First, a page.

City leaders hear recommendations for reform of Citizens Review Board

by: Mark Becker Updated:

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CHARLOTTE, N.C. —

A Charlotte task force is recommending a dozen changes to the panel that reviews public complaints against Charlotte Mecklenburg police officers.

The group wants the Citizens Review Board to consider more cases and to have access to the officers who may be the subject of complaints, as well as extending the time that people have to file complaints against officers.

The Citizens Review Board has come under scrutiny since it has sided with police in every case it has reviewed. The fatal shooting on Sept. 14, in which Officer Randall Kerrick is charged with voluntary manslaughter for killing Jonathan Ferrell, 24, has focused more attention on the Review Board and the task force that is proposing the changes.

About 60 people attended the City Council committee meeting Monday where the task force presented its recommendations. Many of them held signs demanding reform of the Review Board process.

"I don't trust anything, because actions speak louder than words," said Sandra Clory, who attended the meeting holding one of those signs clutched to her chest.

City Councilman James Mitchell said he hears the skepticism, and welcomes the recommendations.

"I think the 12 recommendations in my eyes show a modification. I don't want there to be a distrust and I'm hearing loud and clear there is a distrust. We don't need that in our community," he said.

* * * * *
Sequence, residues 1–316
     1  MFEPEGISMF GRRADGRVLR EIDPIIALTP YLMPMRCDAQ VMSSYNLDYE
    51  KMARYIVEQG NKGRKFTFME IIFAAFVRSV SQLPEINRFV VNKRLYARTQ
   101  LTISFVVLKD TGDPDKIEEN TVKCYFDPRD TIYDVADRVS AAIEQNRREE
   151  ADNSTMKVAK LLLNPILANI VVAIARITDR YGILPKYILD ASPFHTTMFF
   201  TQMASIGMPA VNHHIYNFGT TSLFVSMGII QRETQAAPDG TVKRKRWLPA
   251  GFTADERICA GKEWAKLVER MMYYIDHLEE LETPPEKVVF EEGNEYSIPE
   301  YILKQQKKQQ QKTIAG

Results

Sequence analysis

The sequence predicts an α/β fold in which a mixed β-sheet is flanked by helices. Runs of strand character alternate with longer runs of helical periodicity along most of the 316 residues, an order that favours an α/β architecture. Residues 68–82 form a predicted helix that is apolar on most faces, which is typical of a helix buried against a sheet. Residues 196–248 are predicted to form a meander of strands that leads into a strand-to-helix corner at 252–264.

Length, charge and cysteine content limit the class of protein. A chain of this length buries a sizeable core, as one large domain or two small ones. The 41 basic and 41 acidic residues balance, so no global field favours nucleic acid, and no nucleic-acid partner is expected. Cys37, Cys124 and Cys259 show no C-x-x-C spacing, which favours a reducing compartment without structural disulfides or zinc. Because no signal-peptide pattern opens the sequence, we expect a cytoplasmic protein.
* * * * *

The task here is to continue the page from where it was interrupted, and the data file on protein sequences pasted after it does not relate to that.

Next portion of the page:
But the Patricia Albritton, chairwoman of the task force who wrote the recommendations, said they are designed to bridge the credibility gap between police and the community.

"Hopefully that will help close that gap of trust," said Albritton.

But the scrutiny is raising questions among some rank and file in the police department who feel the changes may go too far.

"I don't think another review board is what necessary is. We've got what's in place to make sure the community's protected. We just need to exercise it," said Randy Hagler, president of the North Carolina Fraternal Order of Police, which represents more than 6,000 officers around the state.

Hagler said the District Attorney's Office and Civil Service Board already provide oversight of officers.

The City Attorney's Office will put the task force recommendations into the form of an ordinance and the City Council committee is set to review them at their next meeting in October.

A final draft of the proposals would go to City Council in December.

For complete coverage of the CMPD officer involved shooting case click here.